Crazy Machines 2 review

Look out, we're using technology. Wile E. Coyote technology at that


  • Looks great
  • Extensive editor
  • Download other people's labs


  • Later levels really hard
  • Too cartoony at times
  • Waiting for time-sensitive items

In all but name, Crazy Machines 2 is the successor to ’90s classic franchise The Incredible Machine. You’re set a task – usually sending an object to a specific place – and must utilize a series of seemingly random items to do it. This is a delightfully simple and devilishly addictive premise that CM2 has fleshed out into a fiendish, frustrating, and wonderful series of 180 different logic-bending puzzles.

New to this series is a slick graphics engine and appropriately-balanced physics, using Ageia’s PhysX engine. Balls bounce realistically down slopes, objects are catapulted and walls crash down as you’d expect them to. This is the kind of off-the-wall crap scientists get up to with their grant money. You start a level with an empty experiment, with elements (ropes and balls, for example) and a selection of anchor points. At this point, the action is paused, but you can start it at any time to see the effect of placing the objects into the experiment field.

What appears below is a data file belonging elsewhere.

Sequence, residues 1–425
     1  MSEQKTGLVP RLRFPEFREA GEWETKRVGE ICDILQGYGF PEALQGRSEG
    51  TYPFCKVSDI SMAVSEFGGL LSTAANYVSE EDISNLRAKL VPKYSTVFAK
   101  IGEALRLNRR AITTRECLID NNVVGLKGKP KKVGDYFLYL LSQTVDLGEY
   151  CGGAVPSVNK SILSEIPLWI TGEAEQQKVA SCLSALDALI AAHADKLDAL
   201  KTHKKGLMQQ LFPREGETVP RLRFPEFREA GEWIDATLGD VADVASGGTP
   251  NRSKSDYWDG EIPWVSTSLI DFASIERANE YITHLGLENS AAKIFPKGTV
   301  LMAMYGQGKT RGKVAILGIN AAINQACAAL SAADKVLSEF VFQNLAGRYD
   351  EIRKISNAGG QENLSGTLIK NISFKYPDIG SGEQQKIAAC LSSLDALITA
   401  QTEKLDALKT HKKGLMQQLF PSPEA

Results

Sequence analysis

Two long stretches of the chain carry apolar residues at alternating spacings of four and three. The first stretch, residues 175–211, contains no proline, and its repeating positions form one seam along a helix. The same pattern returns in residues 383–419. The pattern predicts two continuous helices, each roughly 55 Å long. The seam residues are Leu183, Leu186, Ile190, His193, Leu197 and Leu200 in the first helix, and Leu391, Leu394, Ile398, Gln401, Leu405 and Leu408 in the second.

At first, this is merely adding things to the experiment and executing the simple objectives. However, within the space of one chapter, it becomes a hulking logic bender that will have even the most introverted genius scratching dandruff into their brain. None of the answers are particularly illogical, but some of them require you to zoom into the playing field and really see the ins and outs of the scientific affair. The annoying part is that the game lacks a fast-forward button, as you’ll find yourself waiting for time-sensitive items to tick over during test runs, only to have your plans foiled, forcing a finger-drumming repeat.

This isn’t as bad as it seems, though, as you’ll never feel like an answer was unavailable due to any reason other than your own short-sightedness. And when the solution does eventually dawn on you, you’ll feel that sense of achievement that few games provide. With an editor and the ability to download other players’ creations from the game’s website, along with the hours of built-in content, Crazy Machines 2 is definitely worth your cash. Go out – or even stay in – and buy it.

Jul 28, 2008

More Info

DescriptionPut your grey matter to the test in this fiendishly clever, and affordable, physics puzzler.
US censor ratingEveryone
Release date20 June 2008 (US), (UK)